What Happens if I Drive Under The Influence And Someone Gets Hurt or Killed?

Criminal Vehicular Homicide And DWI:

There are six levels of criminal vehicular operation (CVO). Only one of these is not considered a felony. It does depend upon the level of injury inflicted upon another and whether or not the act results in death. One common element, however, is that the person behind the wheel of the vehicle allegedly causes some kind of harm to another human being. That is why when faced with charges for this crime, you need a Minnesota DWI lawyer to work with you and stand by you every step of the way.

It should be noted that any CVO act usually occurs in conjunction with another DWI act, which means more than one DWI charge can occur. These multiple charges can result in very severe penalties and a serious impact on the rest of your life.

Levels Of Criminal Vehicular Operation

The six levels of CVO are defined below:

  • Criminal vehicular homicide, causing death.
  • Great bodily harm causing permanent injury.
  • Substantial bodily harm causing substantial injury.
  • Bodily harm causing pain or injury, which is a gross misdemeanor.
  • Injury to an unborn child.
  • Death to an unborn child.

Criminal Vehicular Homicide Defined

Minnesota Statute 609.21 Subdivision 1 states a person is guilty of criminal vehicular homicide or operation if they cause injury or death to another person while operating a motor vehicle if they do so:

  • In a grossly negligent manner
  • In a negligent manner if they are under the influence of alcohol, a controlled substance, or any combination of the two
  • While having a blood alcohol concentration of .08 or more; a blood alcohol concentration of .08 or more after the offense; in a negligent manner while knowingly under the influence of a dangerous substance; in a negligent manner when the substance is a Schedule I or II substance, a metabolite, or substance other than tetrahydrocannabinols or marijuana.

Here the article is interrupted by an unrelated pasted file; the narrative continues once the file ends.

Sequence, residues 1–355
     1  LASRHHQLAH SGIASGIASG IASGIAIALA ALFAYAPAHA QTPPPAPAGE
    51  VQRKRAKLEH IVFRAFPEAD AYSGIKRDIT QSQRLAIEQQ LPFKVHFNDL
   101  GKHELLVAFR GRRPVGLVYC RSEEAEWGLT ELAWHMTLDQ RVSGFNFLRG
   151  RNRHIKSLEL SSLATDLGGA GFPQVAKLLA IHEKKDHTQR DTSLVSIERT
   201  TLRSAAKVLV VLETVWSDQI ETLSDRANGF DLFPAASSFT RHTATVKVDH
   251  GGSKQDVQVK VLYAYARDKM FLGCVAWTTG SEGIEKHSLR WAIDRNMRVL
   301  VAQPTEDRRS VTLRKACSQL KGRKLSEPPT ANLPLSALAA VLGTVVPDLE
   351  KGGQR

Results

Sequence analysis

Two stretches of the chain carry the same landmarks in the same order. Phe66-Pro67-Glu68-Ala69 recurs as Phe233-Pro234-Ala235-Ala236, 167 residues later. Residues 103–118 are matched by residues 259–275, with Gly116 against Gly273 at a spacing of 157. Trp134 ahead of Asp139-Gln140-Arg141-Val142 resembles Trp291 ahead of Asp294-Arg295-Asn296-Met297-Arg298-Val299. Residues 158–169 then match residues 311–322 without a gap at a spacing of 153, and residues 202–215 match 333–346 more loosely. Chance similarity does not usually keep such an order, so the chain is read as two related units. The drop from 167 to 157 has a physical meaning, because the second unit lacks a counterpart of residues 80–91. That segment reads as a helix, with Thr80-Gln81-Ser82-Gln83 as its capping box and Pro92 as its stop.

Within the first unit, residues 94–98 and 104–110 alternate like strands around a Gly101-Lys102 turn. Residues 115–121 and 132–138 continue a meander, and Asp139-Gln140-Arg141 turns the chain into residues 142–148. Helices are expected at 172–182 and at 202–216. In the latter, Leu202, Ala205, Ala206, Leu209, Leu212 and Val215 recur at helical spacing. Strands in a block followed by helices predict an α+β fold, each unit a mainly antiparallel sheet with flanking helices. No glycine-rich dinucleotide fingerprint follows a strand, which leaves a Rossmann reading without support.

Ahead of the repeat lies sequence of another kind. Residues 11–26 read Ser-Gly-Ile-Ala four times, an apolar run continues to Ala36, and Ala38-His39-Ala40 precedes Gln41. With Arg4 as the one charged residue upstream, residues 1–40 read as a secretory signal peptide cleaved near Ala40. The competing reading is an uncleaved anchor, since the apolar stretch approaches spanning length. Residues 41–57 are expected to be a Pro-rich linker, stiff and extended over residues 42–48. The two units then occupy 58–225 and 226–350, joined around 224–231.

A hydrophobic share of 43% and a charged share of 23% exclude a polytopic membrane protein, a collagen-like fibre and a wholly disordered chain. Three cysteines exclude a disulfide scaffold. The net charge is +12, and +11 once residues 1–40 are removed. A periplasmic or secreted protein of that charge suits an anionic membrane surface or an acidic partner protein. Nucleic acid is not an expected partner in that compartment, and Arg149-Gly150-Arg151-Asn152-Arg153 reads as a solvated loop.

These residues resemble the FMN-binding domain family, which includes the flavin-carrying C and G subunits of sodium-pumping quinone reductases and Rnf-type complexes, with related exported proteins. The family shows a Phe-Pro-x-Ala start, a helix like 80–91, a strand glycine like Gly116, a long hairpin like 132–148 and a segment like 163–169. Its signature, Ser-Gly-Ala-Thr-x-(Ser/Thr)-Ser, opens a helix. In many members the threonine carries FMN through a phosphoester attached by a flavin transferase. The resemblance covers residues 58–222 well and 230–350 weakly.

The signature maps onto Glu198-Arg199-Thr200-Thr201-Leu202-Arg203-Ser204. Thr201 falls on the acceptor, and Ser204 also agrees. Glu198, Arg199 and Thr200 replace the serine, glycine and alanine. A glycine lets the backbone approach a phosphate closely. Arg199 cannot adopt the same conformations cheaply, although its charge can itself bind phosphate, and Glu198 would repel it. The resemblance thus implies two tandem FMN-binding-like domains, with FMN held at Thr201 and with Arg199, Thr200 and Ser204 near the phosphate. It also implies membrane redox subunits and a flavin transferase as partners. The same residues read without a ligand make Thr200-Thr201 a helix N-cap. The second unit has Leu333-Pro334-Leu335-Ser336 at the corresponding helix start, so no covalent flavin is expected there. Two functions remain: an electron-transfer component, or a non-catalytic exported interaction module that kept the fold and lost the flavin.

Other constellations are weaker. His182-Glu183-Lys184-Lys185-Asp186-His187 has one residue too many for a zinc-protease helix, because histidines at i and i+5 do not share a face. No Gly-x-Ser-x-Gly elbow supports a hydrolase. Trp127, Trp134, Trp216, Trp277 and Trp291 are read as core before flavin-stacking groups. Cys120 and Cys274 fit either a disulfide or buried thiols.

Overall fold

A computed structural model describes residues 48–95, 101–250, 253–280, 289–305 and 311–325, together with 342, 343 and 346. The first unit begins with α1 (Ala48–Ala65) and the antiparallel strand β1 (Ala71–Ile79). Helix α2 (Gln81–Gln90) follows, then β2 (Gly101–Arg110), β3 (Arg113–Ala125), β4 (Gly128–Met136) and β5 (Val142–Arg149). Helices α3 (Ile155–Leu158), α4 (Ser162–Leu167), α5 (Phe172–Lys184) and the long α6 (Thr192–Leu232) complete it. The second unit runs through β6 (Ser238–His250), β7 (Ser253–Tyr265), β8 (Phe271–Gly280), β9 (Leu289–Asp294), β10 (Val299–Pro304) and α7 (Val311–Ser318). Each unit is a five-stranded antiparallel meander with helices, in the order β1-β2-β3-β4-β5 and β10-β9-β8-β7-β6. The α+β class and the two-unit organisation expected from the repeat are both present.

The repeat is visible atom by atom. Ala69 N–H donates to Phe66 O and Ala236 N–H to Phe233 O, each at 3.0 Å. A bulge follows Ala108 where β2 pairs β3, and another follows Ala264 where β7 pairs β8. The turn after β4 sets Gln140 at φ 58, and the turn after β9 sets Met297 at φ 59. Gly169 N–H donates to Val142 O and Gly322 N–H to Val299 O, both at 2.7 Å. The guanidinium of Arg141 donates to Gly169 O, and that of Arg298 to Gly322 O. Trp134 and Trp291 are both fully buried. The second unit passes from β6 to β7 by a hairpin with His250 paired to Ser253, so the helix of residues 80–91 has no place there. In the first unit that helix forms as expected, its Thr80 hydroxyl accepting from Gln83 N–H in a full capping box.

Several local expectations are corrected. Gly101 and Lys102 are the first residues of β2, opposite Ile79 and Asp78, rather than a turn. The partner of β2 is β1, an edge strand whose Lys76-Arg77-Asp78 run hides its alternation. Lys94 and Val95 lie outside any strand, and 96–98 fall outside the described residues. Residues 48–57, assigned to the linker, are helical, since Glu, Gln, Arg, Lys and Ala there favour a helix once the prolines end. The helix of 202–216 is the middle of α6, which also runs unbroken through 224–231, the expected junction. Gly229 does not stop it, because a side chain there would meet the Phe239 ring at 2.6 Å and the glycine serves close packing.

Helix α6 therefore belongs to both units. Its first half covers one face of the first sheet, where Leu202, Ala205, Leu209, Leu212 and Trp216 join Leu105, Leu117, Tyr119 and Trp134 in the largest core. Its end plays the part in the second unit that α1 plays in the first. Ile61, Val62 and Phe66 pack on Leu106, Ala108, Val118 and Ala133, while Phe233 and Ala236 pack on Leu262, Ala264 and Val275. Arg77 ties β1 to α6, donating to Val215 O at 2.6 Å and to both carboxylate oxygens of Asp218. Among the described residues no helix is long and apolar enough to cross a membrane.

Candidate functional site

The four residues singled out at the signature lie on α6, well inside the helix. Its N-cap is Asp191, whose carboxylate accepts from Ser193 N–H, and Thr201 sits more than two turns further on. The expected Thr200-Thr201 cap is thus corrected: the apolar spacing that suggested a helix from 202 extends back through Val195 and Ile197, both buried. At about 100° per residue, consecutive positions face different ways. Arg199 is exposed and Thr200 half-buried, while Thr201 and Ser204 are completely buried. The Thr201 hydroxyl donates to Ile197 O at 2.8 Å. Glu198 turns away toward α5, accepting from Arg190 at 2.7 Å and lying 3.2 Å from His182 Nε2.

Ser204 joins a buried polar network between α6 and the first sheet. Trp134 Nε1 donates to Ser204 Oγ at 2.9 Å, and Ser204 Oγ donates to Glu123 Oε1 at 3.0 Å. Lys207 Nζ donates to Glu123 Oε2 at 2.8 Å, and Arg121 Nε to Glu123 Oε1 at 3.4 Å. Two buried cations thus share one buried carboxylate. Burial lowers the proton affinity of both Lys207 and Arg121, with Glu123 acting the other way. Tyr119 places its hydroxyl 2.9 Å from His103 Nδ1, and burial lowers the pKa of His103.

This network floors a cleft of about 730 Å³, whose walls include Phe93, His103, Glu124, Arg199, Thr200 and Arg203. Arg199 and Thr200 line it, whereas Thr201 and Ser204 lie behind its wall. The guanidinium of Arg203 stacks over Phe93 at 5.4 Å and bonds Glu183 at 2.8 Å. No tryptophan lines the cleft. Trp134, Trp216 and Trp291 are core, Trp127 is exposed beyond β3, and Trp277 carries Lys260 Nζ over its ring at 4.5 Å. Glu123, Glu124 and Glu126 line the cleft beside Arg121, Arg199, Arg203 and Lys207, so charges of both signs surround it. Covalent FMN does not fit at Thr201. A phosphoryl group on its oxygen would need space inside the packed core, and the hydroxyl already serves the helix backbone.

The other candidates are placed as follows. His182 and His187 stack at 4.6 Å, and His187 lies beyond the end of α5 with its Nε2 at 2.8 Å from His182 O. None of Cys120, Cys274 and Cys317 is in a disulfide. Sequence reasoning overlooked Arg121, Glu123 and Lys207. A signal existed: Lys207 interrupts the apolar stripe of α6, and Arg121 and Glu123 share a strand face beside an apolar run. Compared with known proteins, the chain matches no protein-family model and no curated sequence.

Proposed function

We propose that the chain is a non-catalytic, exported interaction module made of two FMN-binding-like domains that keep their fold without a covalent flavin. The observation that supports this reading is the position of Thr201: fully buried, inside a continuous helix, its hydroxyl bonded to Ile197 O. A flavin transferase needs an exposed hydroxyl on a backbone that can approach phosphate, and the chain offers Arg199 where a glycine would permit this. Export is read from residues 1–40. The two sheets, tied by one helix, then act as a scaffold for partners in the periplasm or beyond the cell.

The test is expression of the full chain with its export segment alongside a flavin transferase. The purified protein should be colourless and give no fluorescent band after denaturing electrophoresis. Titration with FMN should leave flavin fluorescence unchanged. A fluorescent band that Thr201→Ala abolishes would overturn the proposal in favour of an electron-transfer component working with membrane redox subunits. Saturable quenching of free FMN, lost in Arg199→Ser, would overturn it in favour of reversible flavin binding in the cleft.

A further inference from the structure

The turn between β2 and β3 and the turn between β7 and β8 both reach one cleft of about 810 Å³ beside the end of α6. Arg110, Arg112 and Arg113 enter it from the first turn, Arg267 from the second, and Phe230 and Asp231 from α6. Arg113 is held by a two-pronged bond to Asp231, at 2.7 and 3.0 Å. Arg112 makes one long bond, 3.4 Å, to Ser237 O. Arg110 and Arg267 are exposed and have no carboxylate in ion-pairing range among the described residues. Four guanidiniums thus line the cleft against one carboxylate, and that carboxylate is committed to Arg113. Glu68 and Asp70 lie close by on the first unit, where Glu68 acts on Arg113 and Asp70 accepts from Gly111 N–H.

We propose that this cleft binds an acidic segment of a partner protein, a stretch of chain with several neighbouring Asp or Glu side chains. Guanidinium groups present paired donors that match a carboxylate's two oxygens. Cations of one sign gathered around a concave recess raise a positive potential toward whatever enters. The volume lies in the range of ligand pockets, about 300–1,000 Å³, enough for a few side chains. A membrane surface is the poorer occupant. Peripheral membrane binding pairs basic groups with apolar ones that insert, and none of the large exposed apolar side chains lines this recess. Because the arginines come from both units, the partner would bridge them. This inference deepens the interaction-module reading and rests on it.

• The driver leaves the scene of the accident
  • The driver had knowledge that a citation was issued by a peace officer, stating that the vehicle was defective, but the individual proceeded to operate the vehicle anyway, causing injury or death.

Penalties For Criminal Vehicular Homicide

The penalties for criminal vehicular homicide are outlined in Minnesota Statute 609.21 subdivision 1a and they state that a person who is guilty of the death of another human being not constituting manslaughter or murder or the death of an unborn child may be sentenced to a maximum of ten years in prison, a fine of $20,000, or both.

Your Minnesota DWI attorney can help you fight the charges, thus possibly reduce the penalties against you or have your case dismissed. There are a number of strategies that can be used unique to your case because of the circumstances surrounding it. Don’t just settle with the charges and accept the conviction and its penalties.

Contact Minnesota DWI Attorney F. T. Sessoms:

If you have been charged with criminal vehicular homicide, you need legal assistance as soon as possible. Contact Minnesota DWI Attorney F. T. Sessoms at 612-344-1505 to discuss your case and to learn about your rights and options.